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The benefits promised by ERP implementations can be enormous – but so too can the challenges of actually undergoing such an implementation. Deploying an all-new ERP system can require a substantial investment of both financial and human resources – and getting it wrong can bring the entire project crashing down.
So what are some of the most common ERP project mistakes to avoid?
Mistake 1: Inadequate planning
Any IT procurement and deployment requires careful planning to avoid waste and error, but ERP systems particularly so, because they touch every area of the organisation. The vast majority of your workers are likely to need to use the new system, and the vast majority of your existing IT applications are likely to need to integrate with it. This scale of embedding cannot be achieved without careful planning.
And ‘planning’ covers several different elements. You need to understand precisely what you are hoping to achieve with the implementation of an ERP system, and how you will measure that achievement. You need to map out the entire project, including timelines and the individuals who will be involved at each stage of the process. You need to consider the involvement of third parties, and the impact on your normal business operations. Planning an ERP implementation is a huge undertaking itself, and cannot be taken lightly.
Mistake 2: Inadequate leadership
Project leadership, that is. Because of the very scale and complexity of a typical ERP implementation, it is essential that a single figurehead within your organisation is recognised as the project leader, the one individual to and from which all decisions can cascade. This leader must, of course, be properly skilled and experienced, and recognised as such by the rest of the organisation.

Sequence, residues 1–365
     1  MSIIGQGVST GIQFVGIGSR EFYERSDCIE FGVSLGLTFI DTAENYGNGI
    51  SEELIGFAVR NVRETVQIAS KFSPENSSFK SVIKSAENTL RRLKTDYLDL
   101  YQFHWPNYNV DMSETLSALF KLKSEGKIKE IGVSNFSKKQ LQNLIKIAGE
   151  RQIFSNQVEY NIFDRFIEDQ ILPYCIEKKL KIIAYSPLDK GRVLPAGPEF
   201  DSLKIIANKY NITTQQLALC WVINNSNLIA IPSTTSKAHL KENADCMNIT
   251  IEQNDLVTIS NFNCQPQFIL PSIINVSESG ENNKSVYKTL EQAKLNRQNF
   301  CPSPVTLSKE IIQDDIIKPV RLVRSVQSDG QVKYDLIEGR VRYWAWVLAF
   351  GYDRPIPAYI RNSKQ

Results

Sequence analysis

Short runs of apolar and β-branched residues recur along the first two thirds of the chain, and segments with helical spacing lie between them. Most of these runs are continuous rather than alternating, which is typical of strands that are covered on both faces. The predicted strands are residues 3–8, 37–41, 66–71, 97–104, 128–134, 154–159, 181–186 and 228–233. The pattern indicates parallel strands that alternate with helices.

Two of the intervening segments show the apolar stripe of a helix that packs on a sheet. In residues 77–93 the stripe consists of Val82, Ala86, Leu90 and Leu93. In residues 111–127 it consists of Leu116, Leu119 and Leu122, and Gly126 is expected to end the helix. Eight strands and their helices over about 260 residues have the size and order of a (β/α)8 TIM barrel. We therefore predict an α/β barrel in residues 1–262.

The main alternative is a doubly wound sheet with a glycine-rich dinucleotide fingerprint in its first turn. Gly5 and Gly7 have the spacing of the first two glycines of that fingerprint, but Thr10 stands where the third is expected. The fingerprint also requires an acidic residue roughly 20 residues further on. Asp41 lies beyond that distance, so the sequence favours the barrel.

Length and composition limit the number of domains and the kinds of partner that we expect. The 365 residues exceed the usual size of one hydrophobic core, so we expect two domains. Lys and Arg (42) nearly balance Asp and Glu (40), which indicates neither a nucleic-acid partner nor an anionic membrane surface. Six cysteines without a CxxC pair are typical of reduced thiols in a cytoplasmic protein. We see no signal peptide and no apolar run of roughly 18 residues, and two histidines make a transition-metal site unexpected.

Mistake 3: Inadequate senior buy-in
Whilst your ERP project manager does not need to be a member of your senior management team themselves, that senior management team needs to be absolutely supportive of and bought into the project. They should be prepared to ask challenging questions – but also to listen to the answers. They must understand the value of the project, and what success will look like. They must be prepared to bring the entire organisation with them, implementation cultural change where necessary.
Mistake 4: Inadequate supplier screening
It is easy to believe that all well-known ERP systems are created (relatively) equal. But this is not the case. Different systems are suitable for different organisations, and choosing a particular ERP system simply because you know the supplier and have been offered a good deal, or because you know it works well in a different business, is a recipe for disaster. You need to go through a proper review process with several different possible suppliers, testing out how particular features will work for you.
Mistake 5: Inadequate data migration
Any ERP system’s performance is hugely dependent on the quality of the data it is working with. Your implementation will involve migrating data from some of your existing systems to the new one – and if that data is poor – or simply poorly formatted – then the success of your implementation will be severely compromised. It is essential to meticulously prepare your data, and ensure that its import to the new system is carried out perfectly.
Mistake 6: Inadequate future planning
A particularly common mistake with ERP implementations is to fail to look beyond this deployment. For such a complex project to only have a lifespan of a year or two before you need to look at a new system counts as a failure. You need to have a properly future-proofed plan in place, which will often be best met by choosing a modular or highly scalable ERP system, one which can grow with your business.
ERP implementations can make or break your organisation. Work with Smart IT to get yours right.